The coronavirus disease 2019 (COVID-19) pandemic led to worldwide disruption of childhood healthcare services, and excess mortality has been reported in many countries over the pandemic years. A new study published in JAMA Network Open describes the pattern of childhood deaths over 2019-21, the first two years of the pandemic, hoping to help identify the risks associated with these events.
Earlier research has shown that over 100,000 deaths occurred in excess of expected in England and Wales since the pandemic began, in keeping with almost five million excess deaths globally. The pandemic had the least impact on children, however, in terms of directly causing death.
However, the changes in social and support structures, coupled with shifts in healthcare provision, necessitated by the surge in the number of cases requiring hospitalization and intensive medical care, as well as the large number of deaths linked to COVID-19, did have a large albeit indirect effect on childhood health and mortality.
What did the study show?
The scientists found that just over 3,400 deaths occurred among children between April 2019 and March 2020. In comparison, there were just over 3030 deaths during the next 12 months, but almost 3,430 deaths from April 2021 to March 2022.
Almost two-thirds of the children who died were infants less than a year old, and ~57% were male. Remarkably, almost 90% were living in cities. The risk of childhood death dropped by 10% in urban areas compared to 27% in rural locations. There was no difference in the risk of death over the age of nine years.
This shows a reduction in child deaths during the first pandemic year, with an approximate drop in mortality risk by 20%. This was not observed during the second period, taking the first period mentioned above as the reference. This indicates a significant drop in all-cause mortality during the first year of the pandemic but a return to pre-pandemic rates of pediatric deaths over the next year.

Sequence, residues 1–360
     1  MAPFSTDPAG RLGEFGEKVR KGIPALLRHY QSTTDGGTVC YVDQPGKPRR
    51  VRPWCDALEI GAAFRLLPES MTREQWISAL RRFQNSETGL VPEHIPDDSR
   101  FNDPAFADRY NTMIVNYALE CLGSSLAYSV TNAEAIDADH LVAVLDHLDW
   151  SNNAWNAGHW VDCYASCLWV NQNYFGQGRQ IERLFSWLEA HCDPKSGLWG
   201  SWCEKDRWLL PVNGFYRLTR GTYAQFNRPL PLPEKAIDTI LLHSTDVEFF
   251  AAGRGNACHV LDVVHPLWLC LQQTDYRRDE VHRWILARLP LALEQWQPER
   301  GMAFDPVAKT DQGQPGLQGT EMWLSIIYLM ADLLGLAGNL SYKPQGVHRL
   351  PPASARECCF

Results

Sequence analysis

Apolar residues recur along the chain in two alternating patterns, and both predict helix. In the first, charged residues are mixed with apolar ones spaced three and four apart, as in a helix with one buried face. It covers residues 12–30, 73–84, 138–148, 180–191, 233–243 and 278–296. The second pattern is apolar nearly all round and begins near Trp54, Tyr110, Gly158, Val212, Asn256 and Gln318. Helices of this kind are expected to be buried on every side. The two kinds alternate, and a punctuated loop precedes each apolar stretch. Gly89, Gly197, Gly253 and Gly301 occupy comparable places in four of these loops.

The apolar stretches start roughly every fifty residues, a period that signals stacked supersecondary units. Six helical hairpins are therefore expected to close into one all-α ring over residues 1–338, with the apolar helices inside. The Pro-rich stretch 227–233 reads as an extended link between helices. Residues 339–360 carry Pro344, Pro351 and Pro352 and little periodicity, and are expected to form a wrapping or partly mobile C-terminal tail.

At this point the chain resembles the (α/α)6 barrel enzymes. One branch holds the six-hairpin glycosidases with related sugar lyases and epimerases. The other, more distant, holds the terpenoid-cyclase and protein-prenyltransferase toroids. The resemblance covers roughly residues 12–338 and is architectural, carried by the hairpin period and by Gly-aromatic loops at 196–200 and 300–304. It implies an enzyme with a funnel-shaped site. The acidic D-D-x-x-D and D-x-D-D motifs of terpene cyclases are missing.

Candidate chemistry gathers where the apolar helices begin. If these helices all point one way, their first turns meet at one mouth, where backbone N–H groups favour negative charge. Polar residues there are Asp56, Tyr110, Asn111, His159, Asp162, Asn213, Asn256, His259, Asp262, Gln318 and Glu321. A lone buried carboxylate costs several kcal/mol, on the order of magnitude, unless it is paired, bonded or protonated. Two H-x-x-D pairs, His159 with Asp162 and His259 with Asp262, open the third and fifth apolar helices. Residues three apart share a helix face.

Overall, the number of deaths over three years appeared to be four percent less than expected from the risk levels existing during the 2019-20 levels. This could be due to fewer-than-expected deaths from infection and underlying disease.
Sudden unexpected deaths in infancy and childhood (SUDIC) showed no clear changes, some of which could be due to underlying disease. A disturbing trend was a significant rise in the risk of children dying from trauma, by almost a third, during 2021-22.
The biggest drops in childhood mortality occurred among those aged 1-4 years, by over 30%, and 5-9 years, by 20%. A smaller decrease of ~5% was observed in infants (<1 year). Ethnicity and deprivation appeared to play little to no role.
Children below 14 years were less likely to die in 2020-21 vs. 2019-20 or 2021-22, but older children (15-17 years) did not show fewer infection-related deaths over the first period. Conversely, their death risk increased by over 2.5 times in 2021-22 compared to 2019-20.
What are the implications?
During the first year of the COVID-19 pandemic, child mortality in England was the lowest on record, but if this trend will continue, or if unrecognized morbidity during the first year of the pandemic will manifest as increased deaths over the next few years is unclear.”
Deaths from infections were reduced significantly in children up to the age of 15, with no increase in deaths over the winter during 2021-22, in contrast to the years before and after. This would also explain why children aged 1-4 years, who were unlikely to die of COVID-19 but are known to die of other infections, fell significantly, while those among children aged 15-17 years went up during 2021-22.
The reduction in childhood deaths from any cause during the first pandemic year occurred concurrently with an overall reduction in deaths among the whole population, compared to the expected number of deaths. The historic low in childhood deaths during the first period is welcome. However, scientists are waiting to see if the next few years will show unwanted rises in childhood deaths due to diseases that went undiagnosed and untreated during these years.
Meanwhile, older children are now facing higher risks of death than before the pandemic began, and trauma-related deaths in children have also increased over the whole study period of three years. In contrast, deaths due to underlying medical conditions have shown a persistent downturn, perhaps due to the increased protection from infectious diseases associated with pandemic control conditions.
Encouragingly, deprivation is not related to the chances of reduced mortality risk, indicating that “community actions can reduce the social-economic patterning of childhood mortality in England.” However, the failure to register a decline in SUDIC could signal an early increase in deaths due to increasing poverty as a delayed fallout of the pandemic years.